Family Day — A Day to Eat Dinner with Your Children,” launched by CASA in 2001 is a highly effective way to help keep America’s kids substance-free. “Family Day 2010” was the subject of one of the first postings I wrote for FFF. It is such an important message that I wanted to share it with you again this year.

Whether you prepare a gourmet meal, order food from your favorite take-out place or eat on the go, the menu is immaterial. The important factor is your presence — what your kids really want during dinnertime is you!

The organization’s website is chock-full of great info. It describes what Family Day is and how to get involved.

Look under “Tools You can Use” for parenting tips and a multitude of fun, useful ideas and activities for families, like the Family Dinner Kit. It includes a blank placemat, an activity placemat, fill-in-the-blank stories, word games, a family coat of arms to develop, funny tale starters, a month of “family fun challenges” and a “good deed” flower. There are easy, nutritious recipes, a menu planner for the day and for a week, even Evites to send to family members.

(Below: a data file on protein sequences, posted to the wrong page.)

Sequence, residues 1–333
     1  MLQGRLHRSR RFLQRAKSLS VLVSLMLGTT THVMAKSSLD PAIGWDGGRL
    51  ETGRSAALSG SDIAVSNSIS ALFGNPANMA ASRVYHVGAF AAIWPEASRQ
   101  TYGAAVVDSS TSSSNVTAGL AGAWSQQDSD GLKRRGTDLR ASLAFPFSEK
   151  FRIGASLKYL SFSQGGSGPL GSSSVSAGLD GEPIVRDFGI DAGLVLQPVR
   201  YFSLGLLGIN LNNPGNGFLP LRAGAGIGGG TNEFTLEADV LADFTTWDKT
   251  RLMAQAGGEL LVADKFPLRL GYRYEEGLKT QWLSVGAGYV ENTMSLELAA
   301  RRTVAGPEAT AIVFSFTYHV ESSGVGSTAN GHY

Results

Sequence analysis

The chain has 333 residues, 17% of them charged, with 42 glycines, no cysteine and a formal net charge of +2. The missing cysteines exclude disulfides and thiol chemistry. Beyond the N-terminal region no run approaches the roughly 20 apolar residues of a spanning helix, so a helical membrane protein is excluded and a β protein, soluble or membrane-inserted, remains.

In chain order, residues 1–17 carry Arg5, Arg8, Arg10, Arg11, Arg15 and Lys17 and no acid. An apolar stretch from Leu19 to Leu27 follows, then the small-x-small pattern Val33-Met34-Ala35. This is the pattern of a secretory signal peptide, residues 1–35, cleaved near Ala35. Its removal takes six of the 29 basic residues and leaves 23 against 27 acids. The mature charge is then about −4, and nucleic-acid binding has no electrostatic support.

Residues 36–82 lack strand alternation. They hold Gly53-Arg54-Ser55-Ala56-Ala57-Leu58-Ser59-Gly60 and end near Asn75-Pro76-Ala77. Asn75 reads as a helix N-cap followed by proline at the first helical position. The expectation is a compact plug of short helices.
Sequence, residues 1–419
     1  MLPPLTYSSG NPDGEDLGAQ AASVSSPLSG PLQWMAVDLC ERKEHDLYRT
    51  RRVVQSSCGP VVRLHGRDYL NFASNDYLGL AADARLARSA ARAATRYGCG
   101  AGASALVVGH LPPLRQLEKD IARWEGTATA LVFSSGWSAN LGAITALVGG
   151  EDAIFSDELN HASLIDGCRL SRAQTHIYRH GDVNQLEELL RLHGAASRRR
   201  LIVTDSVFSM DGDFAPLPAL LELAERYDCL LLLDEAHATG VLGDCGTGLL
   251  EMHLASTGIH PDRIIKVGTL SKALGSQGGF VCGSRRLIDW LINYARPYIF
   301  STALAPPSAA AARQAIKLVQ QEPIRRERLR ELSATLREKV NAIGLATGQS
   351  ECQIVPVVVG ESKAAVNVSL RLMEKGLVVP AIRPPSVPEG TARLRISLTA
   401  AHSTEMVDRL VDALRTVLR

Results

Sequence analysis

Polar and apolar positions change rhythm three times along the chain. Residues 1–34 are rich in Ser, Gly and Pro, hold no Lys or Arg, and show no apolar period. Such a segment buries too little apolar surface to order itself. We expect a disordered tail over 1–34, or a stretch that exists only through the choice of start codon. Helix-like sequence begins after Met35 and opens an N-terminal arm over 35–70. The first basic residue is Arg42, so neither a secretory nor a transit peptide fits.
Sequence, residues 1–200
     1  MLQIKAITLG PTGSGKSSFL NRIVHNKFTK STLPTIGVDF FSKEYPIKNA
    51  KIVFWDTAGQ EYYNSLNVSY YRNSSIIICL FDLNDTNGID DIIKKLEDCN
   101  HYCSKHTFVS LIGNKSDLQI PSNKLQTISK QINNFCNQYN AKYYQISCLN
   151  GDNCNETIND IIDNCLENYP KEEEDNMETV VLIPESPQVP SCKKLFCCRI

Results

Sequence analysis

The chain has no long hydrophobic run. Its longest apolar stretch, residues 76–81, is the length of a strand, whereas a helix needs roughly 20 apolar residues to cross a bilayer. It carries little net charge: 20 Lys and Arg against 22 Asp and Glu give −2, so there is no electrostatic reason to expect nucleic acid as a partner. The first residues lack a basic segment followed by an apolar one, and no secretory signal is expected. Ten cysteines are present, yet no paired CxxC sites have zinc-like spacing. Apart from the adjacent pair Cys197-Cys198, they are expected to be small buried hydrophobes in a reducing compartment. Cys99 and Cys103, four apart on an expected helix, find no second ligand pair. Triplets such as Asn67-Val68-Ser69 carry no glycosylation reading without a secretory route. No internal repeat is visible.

Are there times you struggle with what to talk about with your kids? 

For conversation starters, the site lists 16 open-ended questions — like the greatest invention of all time, which superpower you’d most want to have, who you’d trade lives with — to help expand the lines of communication.

The site has great fact sheets. One lists statistics of how young people can get tangled up in using illegal drugs or abusing alcohol  — and this sobering thought: Teens who have infrequent family dinners are twice as likely to use tobacco or marijuana; more than one and a half times likelier to use alcohol; and twice as likely to expect to try drugs in the future.

Another fact sheet points to behavior changes a parent might notice if their child is experimenting with drugs or alcohol. There’s a tip sheet to help parents talk with their children about drugs and alcohol, another one to help them raise drug-free kids.

And parents are encouraged to become a Family Day STAR by taking a simple pledge.
“I commit to:
S- Spend time with my kids by having dinner together.
T- Talk to them about their friends, interests and the dangers of drugs and alcohol.
A - Answer their questions and listen to what they say.